The SEC won’t play ball on bitcoin ETFs. Here’s how Franklin Templeton and others are launching funds with crypto and blockchain twists.
Asset managers haven’t been able to persuade the SEC to greenlight bitcoin exchange-traded funds. Now they’re turning to putting a crypto spin on other kinds of products.
The field is crowded with ETFs tracking benchmarks like stock and bond indexes, and firms are constantly looking for a new niche to lure assets. Intense competition has prompted a race to, and even below, zero for fees on some more basic funds.
$50 billion asset manager VanEck for years has been pursuing approval for an ETF that holds bitcoin. Another firm’s attempt to launch ETFs with bitcoin futures instead was a non-starter — in February, Reality Shares withdrew a filing for an actively-managed currency and bitcoin futures portfolio.
VanEck this week said it’s teamed with fintech partner SolidX on a bitcoin fund with the same behind-the-scenes plumbing as an ETF. But the new fund is not registered like an ETF, and it’s off-limits to individual investors.
And Franklin Templeton is putting a Blockchain twist on the staid money fund realm. It already has a suite of money market funds, but said in a statement the new product is aimed at a “different and unique customer base.”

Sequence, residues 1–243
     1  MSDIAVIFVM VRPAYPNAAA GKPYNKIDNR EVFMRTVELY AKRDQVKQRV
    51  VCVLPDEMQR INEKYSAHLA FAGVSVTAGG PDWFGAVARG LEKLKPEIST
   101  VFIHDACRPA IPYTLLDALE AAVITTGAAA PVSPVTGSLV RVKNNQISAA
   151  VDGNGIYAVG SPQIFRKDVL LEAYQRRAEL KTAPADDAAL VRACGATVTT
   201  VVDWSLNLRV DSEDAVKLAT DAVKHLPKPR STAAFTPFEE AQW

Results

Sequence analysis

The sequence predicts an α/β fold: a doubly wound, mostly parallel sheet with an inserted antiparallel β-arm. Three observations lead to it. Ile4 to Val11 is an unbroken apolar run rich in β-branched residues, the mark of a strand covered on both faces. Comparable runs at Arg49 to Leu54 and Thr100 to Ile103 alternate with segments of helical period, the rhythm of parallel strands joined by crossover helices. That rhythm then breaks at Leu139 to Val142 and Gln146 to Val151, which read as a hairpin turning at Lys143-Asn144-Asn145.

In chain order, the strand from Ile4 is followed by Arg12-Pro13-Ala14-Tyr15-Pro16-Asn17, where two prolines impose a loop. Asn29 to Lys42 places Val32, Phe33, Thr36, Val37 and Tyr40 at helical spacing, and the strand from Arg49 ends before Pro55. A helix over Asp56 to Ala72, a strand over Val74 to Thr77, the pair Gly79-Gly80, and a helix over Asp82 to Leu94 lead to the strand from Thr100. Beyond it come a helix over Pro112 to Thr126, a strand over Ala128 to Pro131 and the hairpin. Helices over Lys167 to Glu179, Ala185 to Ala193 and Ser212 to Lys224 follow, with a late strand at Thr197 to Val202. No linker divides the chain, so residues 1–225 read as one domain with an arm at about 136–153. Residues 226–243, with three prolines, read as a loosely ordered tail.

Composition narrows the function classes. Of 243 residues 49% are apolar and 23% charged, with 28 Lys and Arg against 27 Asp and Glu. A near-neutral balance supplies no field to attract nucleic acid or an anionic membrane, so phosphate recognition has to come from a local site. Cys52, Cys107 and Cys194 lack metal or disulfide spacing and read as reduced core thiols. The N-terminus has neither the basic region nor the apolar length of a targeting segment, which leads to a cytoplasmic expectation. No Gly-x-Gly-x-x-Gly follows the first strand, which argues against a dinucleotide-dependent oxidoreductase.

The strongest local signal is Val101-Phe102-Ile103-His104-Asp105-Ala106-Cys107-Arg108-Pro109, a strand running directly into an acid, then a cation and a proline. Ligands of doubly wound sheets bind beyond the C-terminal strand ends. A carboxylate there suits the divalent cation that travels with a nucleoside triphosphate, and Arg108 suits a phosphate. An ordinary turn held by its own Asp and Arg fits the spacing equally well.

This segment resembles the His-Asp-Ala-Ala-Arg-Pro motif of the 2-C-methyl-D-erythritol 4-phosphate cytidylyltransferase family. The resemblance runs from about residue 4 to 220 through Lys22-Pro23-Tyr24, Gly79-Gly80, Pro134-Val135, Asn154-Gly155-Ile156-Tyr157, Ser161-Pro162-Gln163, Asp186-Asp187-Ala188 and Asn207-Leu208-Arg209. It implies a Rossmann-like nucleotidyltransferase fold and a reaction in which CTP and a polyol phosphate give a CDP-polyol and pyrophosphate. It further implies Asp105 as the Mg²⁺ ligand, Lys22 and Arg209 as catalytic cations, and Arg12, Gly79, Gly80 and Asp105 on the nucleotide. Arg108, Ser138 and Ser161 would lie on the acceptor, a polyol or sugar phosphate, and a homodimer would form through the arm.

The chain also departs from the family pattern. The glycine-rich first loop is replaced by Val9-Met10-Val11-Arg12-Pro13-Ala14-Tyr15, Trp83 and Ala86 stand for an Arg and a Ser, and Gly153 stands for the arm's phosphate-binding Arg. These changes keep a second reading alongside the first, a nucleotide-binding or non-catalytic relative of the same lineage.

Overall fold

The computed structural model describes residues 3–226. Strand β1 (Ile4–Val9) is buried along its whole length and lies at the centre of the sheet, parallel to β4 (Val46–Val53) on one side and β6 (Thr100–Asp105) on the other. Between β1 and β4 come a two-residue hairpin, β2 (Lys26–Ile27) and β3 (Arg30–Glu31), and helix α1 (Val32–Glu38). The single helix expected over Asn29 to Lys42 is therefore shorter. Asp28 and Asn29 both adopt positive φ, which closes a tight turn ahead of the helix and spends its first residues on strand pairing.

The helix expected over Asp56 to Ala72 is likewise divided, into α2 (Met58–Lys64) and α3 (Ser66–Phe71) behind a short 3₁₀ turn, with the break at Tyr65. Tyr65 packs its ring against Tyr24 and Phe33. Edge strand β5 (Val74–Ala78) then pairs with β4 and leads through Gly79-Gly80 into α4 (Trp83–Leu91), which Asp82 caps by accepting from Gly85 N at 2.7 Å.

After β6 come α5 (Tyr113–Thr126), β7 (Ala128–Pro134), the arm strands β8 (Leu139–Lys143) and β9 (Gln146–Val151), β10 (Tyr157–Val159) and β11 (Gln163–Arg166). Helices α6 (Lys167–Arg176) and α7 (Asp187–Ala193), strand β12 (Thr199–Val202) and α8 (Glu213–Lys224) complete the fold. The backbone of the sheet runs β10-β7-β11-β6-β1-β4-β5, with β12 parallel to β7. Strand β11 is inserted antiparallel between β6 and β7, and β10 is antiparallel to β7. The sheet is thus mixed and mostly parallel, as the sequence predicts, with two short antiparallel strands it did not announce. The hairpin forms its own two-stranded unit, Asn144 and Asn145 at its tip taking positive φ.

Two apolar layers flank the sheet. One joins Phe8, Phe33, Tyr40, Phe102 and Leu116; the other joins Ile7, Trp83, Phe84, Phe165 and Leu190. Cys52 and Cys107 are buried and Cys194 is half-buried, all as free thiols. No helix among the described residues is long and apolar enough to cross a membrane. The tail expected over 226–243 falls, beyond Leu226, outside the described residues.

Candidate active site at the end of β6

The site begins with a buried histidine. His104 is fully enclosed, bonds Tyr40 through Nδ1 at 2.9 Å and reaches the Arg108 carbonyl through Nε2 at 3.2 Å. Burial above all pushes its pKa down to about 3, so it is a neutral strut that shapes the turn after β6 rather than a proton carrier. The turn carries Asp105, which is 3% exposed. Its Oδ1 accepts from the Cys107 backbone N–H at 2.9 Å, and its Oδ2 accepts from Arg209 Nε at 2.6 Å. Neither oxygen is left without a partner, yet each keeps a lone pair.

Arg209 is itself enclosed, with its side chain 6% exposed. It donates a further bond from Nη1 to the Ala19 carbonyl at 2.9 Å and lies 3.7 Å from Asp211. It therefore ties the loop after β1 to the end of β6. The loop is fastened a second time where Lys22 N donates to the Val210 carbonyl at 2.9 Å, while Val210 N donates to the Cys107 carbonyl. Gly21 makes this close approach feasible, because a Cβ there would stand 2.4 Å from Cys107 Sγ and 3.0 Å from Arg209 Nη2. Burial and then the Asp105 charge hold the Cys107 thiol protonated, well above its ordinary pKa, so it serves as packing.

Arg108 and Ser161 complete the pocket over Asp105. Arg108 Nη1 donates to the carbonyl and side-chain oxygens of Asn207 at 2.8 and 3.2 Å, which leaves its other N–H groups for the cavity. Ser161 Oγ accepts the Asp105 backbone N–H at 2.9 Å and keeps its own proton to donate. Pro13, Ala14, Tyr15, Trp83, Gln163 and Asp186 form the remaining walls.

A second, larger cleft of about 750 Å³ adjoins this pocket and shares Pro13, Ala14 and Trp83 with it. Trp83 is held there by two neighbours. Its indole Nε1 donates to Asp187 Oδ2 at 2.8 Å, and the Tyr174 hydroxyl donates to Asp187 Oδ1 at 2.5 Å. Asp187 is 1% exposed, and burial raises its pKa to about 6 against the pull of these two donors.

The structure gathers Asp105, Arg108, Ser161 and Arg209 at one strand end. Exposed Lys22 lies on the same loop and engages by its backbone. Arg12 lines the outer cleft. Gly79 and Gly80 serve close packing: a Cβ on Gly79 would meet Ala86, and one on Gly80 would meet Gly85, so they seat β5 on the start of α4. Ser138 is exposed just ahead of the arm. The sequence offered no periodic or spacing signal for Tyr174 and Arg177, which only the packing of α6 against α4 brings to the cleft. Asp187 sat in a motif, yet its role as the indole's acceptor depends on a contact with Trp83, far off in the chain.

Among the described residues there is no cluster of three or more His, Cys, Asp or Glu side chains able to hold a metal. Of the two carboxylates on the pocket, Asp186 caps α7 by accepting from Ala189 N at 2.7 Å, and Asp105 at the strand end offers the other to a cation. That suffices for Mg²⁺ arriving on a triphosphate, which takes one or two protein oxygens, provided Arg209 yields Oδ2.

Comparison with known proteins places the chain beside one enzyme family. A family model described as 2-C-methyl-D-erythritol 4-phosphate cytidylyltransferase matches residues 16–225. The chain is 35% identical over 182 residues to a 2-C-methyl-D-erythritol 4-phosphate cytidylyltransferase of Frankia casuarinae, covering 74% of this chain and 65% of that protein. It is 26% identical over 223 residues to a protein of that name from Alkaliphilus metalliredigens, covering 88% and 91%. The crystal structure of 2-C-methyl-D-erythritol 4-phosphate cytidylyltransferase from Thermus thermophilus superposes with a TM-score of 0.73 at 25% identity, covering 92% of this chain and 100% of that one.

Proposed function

The Franklin Blockchain Enabled US Government Money Fund keeps a traditional record of share ownership as well as a record on the Blockchain technology that underpins bitcoin. It does not hold any crypto.
A gradual process
The Franklin fund is “an interesting pilot,” said Ben Johnson, Morningstar’s director of global ETF research. Firms’ margins are getting squeezed as investors flee active management in favor of low-cost passive funds.
“Asset manager fees are under greater pressure than they’ve ever been,” Johnson said, leaving “no stone unturned” when it comes to their own expenses.
In 2017, Vanguard said it would work with two other groups to share index data using blo